NASA Juno Mission Scientists Discover Cyclones of Striking Color at Jupiter’s North Pole

By  //  September 25, 2020

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storms would cover an area that would dwarf Earth

Cyclones at the north pole of Jupiter appear as swirls of striking colors in this extreme false-color rendering of an image from NASA’s Juno mission. (NASA image)

(NASA) – Cyclones at the north pole of Jupiter appear as swirls of striking colors in this extreme false-color rendering of an image from NASA’s Juno mission.

The huge, persistent cyclone found at Jupiter’s north pole is visible at the center of the image, encircled by smaller cyclones that range in size from 2,500 to 2,900 miles (4,000 to 4,600 kilometers).

Together, this pattern of storms covers an area that would dwarf the Earth.

The color choices in this image reveal both the beauty of Jupiter and the subtle details present in Jupiter’s dynamic cloud structure.

Each new observation that Juno provides of Jupiter’s atmosphere complements computer simulations and helps further refine our understanding of how the storms evolve over time.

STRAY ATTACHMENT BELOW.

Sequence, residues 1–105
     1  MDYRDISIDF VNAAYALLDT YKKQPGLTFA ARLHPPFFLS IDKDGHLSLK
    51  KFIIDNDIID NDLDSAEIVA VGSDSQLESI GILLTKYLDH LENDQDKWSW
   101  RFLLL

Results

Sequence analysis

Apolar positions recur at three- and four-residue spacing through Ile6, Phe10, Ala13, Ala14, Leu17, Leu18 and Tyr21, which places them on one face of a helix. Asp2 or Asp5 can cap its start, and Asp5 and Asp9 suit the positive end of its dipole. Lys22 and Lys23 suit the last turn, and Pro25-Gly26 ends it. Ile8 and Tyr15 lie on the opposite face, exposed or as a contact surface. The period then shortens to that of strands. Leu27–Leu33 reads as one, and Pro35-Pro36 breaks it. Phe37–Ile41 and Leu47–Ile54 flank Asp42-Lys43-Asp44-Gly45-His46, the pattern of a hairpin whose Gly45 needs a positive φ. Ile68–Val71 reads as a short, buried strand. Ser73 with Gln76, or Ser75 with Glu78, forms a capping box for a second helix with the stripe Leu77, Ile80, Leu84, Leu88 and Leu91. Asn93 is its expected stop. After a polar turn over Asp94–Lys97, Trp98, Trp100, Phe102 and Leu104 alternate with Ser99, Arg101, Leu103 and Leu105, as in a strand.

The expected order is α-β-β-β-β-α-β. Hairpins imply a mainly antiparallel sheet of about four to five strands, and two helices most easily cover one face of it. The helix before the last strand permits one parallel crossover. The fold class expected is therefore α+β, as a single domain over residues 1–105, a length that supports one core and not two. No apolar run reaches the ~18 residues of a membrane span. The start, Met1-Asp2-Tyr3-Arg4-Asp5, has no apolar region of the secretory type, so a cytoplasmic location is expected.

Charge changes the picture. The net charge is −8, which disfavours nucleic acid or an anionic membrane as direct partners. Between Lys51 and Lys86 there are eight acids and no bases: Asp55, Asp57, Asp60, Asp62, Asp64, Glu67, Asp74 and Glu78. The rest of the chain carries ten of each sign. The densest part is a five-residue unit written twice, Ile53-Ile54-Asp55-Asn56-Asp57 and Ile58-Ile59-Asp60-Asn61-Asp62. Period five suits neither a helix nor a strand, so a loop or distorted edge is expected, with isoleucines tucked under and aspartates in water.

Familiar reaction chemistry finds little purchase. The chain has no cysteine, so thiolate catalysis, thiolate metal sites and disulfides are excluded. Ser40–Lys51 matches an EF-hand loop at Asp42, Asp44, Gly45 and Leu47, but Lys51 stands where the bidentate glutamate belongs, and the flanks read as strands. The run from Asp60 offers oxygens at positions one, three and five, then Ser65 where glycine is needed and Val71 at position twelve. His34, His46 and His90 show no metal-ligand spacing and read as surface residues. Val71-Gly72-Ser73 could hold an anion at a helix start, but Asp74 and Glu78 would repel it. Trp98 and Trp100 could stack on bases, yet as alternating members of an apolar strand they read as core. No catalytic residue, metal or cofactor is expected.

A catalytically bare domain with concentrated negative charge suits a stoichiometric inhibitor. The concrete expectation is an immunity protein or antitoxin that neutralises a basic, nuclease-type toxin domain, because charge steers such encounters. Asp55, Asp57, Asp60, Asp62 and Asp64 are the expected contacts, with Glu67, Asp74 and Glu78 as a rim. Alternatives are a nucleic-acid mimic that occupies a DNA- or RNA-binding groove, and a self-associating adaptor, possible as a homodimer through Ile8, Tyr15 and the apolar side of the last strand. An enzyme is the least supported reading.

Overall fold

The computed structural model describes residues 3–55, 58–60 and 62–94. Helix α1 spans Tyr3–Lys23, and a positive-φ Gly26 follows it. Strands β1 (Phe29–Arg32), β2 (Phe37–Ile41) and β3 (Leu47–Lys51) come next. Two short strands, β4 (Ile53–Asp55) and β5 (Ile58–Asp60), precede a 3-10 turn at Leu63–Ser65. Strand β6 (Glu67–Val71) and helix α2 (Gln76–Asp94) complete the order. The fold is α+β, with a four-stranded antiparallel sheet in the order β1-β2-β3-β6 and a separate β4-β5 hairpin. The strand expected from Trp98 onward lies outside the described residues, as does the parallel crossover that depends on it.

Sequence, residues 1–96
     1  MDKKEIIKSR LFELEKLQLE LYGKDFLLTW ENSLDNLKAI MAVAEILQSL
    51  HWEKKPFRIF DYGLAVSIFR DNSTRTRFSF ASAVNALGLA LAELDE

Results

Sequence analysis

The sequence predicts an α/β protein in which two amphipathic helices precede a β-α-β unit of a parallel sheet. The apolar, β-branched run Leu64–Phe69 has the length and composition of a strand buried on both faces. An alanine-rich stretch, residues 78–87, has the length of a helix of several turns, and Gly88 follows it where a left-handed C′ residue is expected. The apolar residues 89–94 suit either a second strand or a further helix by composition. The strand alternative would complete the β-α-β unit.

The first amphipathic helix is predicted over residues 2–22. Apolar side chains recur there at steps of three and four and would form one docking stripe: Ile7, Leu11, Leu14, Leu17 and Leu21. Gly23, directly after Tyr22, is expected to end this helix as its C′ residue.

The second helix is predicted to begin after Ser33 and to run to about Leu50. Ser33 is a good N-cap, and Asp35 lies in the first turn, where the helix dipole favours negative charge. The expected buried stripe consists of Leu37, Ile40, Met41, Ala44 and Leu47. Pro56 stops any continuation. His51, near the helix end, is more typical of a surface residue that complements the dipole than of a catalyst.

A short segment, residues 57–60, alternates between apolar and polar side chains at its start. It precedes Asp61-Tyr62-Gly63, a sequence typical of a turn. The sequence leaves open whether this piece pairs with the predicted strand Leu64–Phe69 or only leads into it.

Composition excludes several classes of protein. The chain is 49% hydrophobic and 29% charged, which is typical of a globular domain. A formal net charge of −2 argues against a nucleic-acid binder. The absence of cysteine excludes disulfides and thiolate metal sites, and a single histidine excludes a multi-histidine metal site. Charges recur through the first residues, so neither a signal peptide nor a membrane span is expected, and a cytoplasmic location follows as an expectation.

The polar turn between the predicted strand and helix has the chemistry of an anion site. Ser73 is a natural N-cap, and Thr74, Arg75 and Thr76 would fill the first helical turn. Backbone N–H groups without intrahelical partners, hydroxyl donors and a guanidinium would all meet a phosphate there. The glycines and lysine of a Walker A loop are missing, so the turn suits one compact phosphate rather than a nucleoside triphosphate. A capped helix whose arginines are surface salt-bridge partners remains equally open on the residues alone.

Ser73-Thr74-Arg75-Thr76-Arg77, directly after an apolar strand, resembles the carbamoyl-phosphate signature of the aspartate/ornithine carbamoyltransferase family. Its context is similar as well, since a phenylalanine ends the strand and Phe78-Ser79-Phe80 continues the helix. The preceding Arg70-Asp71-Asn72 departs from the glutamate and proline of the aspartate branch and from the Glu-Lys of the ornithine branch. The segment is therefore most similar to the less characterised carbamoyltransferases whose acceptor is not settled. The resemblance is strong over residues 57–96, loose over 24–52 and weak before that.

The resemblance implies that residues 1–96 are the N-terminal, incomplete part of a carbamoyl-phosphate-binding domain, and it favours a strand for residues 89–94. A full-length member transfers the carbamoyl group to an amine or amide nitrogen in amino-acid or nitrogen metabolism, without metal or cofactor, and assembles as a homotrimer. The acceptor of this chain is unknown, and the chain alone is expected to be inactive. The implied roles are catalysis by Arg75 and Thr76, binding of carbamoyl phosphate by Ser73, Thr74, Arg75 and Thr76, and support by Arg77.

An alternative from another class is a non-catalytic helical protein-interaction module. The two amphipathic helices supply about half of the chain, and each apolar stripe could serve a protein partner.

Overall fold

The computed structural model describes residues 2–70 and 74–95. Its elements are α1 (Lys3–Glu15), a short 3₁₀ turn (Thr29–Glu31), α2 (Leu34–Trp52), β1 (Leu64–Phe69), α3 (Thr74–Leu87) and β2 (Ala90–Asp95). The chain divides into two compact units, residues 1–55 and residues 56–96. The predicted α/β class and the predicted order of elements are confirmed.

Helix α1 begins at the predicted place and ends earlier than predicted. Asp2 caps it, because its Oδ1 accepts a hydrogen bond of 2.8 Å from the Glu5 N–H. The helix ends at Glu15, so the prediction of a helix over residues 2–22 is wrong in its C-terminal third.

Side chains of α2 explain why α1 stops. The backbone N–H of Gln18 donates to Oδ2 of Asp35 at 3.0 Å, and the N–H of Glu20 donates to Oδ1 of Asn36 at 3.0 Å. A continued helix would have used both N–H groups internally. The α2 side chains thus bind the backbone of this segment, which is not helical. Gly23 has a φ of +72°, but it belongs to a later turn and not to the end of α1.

The Juno mission provided the first clear views of Jupiter’s polar regions. Juno’s Jovian InfraRed Auroral Mapper (JIRAM) instrument has also mapped this area, as well as a similar pattern of storms at the planet’s south pole.

Citizen scientist Gerald Eichstädt made this composite image using data obtained by the JunoCam instrument during four of the Juno spacecraft’s close passes by Jupiter, which took place between Feb. 17, 2020, and July 25, 2020.

The greatly exaggerated color is partially a result of combining many individual images to create this view.

More information about Juno is at https://www.nasa.gov/juno and https://missionjuno.swri.edu

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